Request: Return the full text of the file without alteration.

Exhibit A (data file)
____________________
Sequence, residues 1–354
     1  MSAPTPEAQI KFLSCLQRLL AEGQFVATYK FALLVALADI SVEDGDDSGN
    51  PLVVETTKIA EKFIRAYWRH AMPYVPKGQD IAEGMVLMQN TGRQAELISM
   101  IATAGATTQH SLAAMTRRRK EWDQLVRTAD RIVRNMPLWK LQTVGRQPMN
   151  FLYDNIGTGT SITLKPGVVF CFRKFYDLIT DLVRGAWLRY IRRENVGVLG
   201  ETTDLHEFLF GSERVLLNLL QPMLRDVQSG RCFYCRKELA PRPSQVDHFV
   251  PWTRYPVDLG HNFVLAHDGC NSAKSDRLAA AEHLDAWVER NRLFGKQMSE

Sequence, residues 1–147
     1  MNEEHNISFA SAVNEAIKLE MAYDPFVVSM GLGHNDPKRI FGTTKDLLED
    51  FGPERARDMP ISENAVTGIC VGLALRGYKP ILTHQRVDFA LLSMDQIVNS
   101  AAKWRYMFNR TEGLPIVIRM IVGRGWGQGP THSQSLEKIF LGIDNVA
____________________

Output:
Sequence, residues 1–354
     1  MSAPTPEAQI KFLSCLQRLL AEGQFVATYK FALLVALADI SVEDGDDSGN
    51  PLVVETTKIA EKFIRAYWRH AMPYVPKGQD IAEGMVLMQN TGRQAELISM
   101  IATAGATTQH SLAAMTRRRK EWDQLVRTAD RIVRNMPLWK LQTVGRQPMN
   151  FLYDNIGTGT SITLKPGVVF CFRKFYDLIT DLVRGAWLRY IRRENVGVLG
   201  ETTDLHEFLF GSERVLLNLL QPMLRDVQSG RCFYCRKELA PRPSQVDHFV
   251  PWTRYPVDLG HNFVLAHDGC NSAKSDRLAA AEHLDAWVER NRLFGKQMSE

Sequence, residues 1–147
     1  MNEEHNISFA SAVNEAIKLE MAYDPFVVSM GLGHNDPKRI FGTTKDLLED
    51  FGPERARDMP ISENAVTGIC VGLALRGYKP ILTHQRVDFA LLSMDQIVNS
   101  AAKWRYMFNR TEGLPIVIRM IVGRGWGQGP THSQSLEKIF LGIDNVA